AN instant response from Steven Naismith and Everton saw Manchester City cede ground to Chelsea in their increasingly tense race for the Premier League title, but manager Manuel Pellegrini knows solutions are just around the corner.
City, who squandered a 75th-minute lead handed to them by Brazilian midfielder Fernandinho, ultimately paid the price for failing to convert one of numerous chances they carved out during a first half in which they were aided equally by a gale-force wind and Evertonian nerves.
Stevan Jovetic was prime culprit, failing to hit the target with any of three promising openings that were carved out for him by the ever-impressive David Silva.
But it will be considerable consolation for the City manager as he analyses an afternoon in which his reigning champions fell two points behind Jose Mourinho, that the draw saw 19-goal Sergio Aguero return from a five-week injury lay-of.
"We dominated the game, especially the first half, and had clear-cut chances," said Pellegrini. "But when you don't score those chances, it's difficult to win.
"It is important for the team that Sergio is back. He just worked two or three days with the squad this week, now he has the whole week to continue working. I hope he will return to the same performance he had before he was injured, in a few days.
"Every team will drop points from now until the end of the season, we never thought before the game that this was going to be easy. Every time you come to Goodison Park it is difficult and last year was the first time we won here in five times. Maybe it was a good draw but I cannot forget about the first 45 minutes, we had too many clear chances."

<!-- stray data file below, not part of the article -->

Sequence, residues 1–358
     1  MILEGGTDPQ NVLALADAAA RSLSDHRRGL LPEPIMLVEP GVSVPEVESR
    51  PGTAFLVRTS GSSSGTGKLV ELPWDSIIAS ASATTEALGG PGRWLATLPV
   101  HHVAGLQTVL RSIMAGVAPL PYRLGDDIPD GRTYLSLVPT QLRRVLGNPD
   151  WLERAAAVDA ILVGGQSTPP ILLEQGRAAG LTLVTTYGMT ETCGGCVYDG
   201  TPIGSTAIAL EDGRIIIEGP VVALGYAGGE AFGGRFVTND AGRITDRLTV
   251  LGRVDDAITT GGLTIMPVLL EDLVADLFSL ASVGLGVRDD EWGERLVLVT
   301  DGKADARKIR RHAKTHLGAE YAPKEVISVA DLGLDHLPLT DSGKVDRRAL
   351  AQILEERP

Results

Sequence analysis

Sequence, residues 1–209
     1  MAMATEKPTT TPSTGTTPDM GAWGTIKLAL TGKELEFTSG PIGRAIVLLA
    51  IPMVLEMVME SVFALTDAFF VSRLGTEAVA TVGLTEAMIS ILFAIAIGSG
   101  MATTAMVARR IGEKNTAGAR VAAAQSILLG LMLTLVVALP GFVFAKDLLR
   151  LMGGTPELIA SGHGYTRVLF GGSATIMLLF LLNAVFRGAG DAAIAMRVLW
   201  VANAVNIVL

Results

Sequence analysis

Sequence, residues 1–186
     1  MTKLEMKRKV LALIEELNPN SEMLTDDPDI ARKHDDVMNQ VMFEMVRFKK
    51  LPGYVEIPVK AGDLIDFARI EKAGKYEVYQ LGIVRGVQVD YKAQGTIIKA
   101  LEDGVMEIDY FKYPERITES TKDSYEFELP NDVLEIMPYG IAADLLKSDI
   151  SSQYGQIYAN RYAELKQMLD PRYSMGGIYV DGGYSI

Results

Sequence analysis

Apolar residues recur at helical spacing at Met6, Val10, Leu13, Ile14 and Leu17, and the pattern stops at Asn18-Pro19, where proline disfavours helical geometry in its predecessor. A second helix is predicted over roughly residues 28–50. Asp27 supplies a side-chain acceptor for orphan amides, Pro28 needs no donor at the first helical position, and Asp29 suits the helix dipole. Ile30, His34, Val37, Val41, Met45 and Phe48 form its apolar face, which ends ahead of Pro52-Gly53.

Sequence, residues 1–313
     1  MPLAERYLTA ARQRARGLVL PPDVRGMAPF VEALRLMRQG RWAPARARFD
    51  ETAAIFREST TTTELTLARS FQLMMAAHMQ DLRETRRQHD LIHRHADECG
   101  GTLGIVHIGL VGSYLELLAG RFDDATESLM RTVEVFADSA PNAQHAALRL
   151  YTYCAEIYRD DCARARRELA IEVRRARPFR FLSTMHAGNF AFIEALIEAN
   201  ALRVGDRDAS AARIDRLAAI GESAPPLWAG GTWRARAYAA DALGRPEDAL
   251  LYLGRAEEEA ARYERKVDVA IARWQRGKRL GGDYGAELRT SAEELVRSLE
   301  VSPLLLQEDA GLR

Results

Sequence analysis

City could also do with the return of club captain Vincent Kompany. In his absence, Eliaquim Managala has done little to justify the £42m that City paid for him last summer and, again on this occasion, he struggled to contain a lively Romelu Lukaku, finally rediscovering the threat that made him such a key figure in Everton's success last term.
The all-round defensive efforts put forth by City for the Everton equaliser were a collective disaster as Joe Hart was beaten to Leighton Baines' left-flank free-kick by Naismith who lost his marker Pablo Zabaleta to steer a solid headed finish into the goal.
That cancelled out Fernandinho's opening goal - one not without controversy as Everton appealed furiously for an offside, although manager Roberto Martinez was honest enough to concede afterwards that referee Martin Atkinson was correct.
Samir Nasri created space for David Silva whose blocked shot rose from Everton bodies and hung kindly for Fernandinho to head past Seamus Coleman's poor attempted clearance.
That goal seemed likely to earn City the three points that their first half dominance had made appear inevitable.
With Silva pulling the strings, City created a long catalogue of chances - mostly for the misfiring Jovetic although Jesus Navas should also have done better after 14 minutes than roll an attempt wide when played in, inevitably, by Silva.
Yet the best chance of that opening period fell to the home team as Lukaku surged past Mangala with embarrassing ease only to be denied by Hart's outstretched boot, with Coleman striking the rebound against the crossbar from 20 yards just before the interval.
The home side, on their worst run of league form in a decade, were much improved after the restart, with Lukaku again forcing Hart into a solid save and then being on the wrong end of a hairline offside decision against Naismith as Jagielka netted from a Baines free-kick.
"I felt the reaction and the character we showed at 1-0 down was special," said Martinez. "The reaction on Tuesday and the reaction we showed today showed the character of the group and is a perfect platform to build for the second half of the season." Telegraph